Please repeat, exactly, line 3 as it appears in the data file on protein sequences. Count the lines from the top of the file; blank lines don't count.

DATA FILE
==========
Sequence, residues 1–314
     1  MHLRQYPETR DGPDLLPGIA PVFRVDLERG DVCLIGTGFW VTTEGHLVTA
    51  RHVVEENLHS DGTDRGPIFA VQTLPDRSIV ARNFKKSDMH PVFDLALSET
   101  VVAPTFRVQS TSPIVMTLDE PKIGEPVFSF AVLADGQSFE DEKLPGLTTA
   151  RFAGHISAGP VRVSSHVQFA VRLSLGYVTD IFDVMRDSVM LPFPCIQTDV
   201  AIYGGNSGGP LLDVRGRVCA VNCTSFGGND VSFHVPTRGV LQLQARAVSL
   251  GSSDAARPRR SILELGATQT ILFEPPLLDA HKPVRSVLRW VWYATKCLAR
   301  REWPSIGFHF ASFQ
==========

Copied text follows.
    51  RHVVEENLHS DGTDRGPIFA VQTLPDRSIV ARNFKKSDMH PVFDLALSET